6. I then merged the resulting three text files into one large file for Photoscan ground control, and moved all the photos back into one large folder together.
7. I added my photos to Photoscan, and used the ground control screen to import my GPS coordintes and heights. I left the accuracy at 10m.
8. I ran Photoscan! Everything after this is just simple use of Photoscan according to the manual.
9. After the point cloud was procesed, I ran both a height map and an arbitrary geometry (true 3D) mesh model. Both models were very large, about 16 GB each. I made several decimated and textured models for export.
10. I exported directly from Photoscan to Sketchfab. I also made some .ply files, as well as orthophotos.
Here's a small version of the orthophoto. The full resolution version is 0.03 m resolution, meaning each pixel represents 3 centimeters. I've never been super excited about orthophotos since I work mainly in 3D, but this was easy to make so I figured why not include it.
Once you zoom in, you can see why it's called a sparse point cloud. This is a the same cloud as the previous image, but cropped down to just the library and zoomed in. Obviously, roofs and lawns get a lot more points than the sides of buildings.
Here's that same view of the library, but with the dense point cloud. A lot nicer! I had to do only the library on dense, because dense cloud processing time is prohibitively long. But I feel it needs mentioning, the entire campus could be processed to this level of detail given enough patience and a supercomputer. Notice how the points on the tan roofs and the grass are so dense as to look like a solid, but the white roofs and the sides of the building are not as dense.
Now it's time for some 3D meshes! Obviously, the raw mesh product is a prohibitively large file. So I performed decimations and cropped to smaller areas. I have Sketchfab pages and .ply files!
If you zoom in on the parkin garage, you will see that a couple of cars look transparent and ghostly. This is because the car either left or pulled in between the copter's multiple passes.
The following series of images shows each progressively more complex representation of the 3D model available from Photoscan. They're from my most complex model, screenshotted straight out of Photoscan. This model is so big that I cannot open it with any external programs, I have to decimate it.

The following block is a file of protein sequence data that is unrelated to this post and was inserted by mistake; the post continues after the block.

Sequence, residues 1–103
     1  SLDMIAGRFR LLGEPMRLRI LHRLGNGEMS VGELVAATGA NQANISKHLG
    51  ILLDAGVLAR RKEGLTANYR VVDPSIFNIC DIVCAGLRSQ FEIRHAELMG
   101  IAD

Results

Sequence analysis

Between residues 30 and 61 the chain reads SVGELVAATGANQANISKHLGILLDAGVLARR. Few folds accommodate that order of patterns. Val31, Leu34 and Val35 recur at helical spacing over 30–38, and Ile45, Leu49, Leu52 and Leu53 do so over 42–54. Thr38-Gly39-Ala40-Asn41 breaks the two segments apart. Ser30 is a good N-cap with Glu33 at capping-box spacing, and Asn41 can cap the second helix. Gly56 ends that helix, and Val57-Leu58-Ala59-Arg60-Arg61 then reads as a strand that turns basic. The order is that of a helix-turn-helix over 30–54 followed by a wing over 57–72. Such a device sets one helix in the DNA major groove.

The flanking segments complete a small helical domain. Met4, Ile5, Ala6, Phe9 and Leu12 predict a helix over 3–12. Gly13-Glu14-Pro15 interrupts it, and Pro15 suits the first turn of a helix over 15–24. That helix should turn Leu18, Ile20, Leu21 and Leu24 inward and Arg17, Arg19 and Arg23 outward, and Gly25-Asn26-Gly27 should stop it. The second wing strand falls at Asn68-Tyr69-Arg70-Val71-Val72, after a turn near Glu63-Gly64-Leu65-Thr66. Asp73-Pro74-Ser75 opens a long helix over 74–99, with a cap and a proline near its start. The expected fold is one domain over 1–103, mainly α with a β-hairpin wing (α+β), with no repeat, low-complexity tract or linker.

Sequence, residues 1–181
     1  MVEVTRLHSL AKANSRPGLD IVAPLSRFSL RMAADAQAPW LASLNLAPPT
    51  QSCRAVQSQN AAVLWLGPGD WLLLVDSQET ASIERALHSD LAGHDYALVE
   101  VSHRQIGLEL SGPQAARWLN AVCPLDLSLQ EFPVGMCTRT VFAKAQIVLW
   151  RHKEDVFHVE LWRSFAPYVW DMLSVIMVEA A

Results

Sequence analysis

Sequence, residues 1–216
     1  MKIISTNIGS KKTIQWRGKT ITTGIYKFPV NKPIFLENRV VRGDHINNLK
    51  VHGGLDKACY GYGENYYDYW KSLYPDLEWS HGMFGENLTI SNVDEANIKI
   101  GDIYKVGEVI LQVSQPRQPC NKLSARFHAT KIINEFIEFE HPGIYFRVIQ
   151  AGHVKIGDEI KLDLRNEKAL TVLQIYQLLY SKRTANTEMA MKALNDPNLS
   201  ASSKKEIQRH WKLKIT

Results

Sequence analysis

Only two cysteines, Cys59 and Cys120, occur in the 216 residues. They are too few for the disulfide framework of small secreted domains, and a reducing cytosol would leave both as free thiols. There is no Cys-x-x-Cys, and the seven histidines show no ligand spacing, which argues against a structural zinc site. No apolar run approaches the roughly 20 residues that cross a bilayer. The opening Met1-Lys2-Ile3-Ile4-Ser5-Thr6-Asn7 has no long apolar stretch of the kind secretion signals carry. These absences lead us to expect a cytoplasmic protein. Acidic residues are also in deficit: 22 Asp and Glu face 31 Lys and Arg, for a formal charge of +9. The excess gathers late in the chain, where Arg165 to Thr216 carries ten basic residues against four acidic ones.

This is just the sparse point cloud, the most basic representation. Notice some surfaces have no or few points, like the sidewalks and some roofs. This is because plain white objects have few identifiable features.
This is the wire mesh representation. I had to zoom in to make the individual polygons visible.
Now we have the solid mesh. It is like the wire mesh, but with each polygon filled in. This representation is good for examining the shape of your model without visual clues in the texture changing how the shapes appear.
Next is the shaded solid! Photoscan assigns each polygon some diffuse colors. Since the polygons in this model are so small, this gives a decent representation.
The final textured model. This is as realistic looking as it gets, for this scan.
And finally, I'd like to show some screenshots from the high quality model:
All in all, this project was a cool experience and I'm glad the T3 contest prompted me to do it. I definitely learned a few things:
- Plain white roofs make poor reconstructions, because they have very few identifiable features. If you are trying to capture a bright white roof, try dialing down the camera's exposure in an attempt to make the roof less washed out.
- If you are trying to accurately capture the texture on the sides of buildings, top down photos won't cut it. Even though the camera has a wide field of view, all of the sides of buildings are photographed from a high angle. Additional pictures from the sides of buildings will give you better side textures.
- If you have enough pictures, moving objects simply disappear. There was light foot traffic on campus during this scan, but in the 3D models the campus looks like a ghost town.
- Tall thin objects like lamp posts cannot be captured from 100m up using this camera.
- It would be a lot easier to tag these photos automatically using APM. Unfortunately, this camera has no CHDK so I would need a servo to press the shutter, which is complicated.
- And a bunch more I'll add if I can think of it!
Credit goes to the Ecosynth lab at UMBC (of which I am an intern) for use of their equipment to do this scan. Check us out at Ecosynth.org. Credit also goes to Jonathan Dandois (also of Ecosynth) for helping me with georeferencing the photos.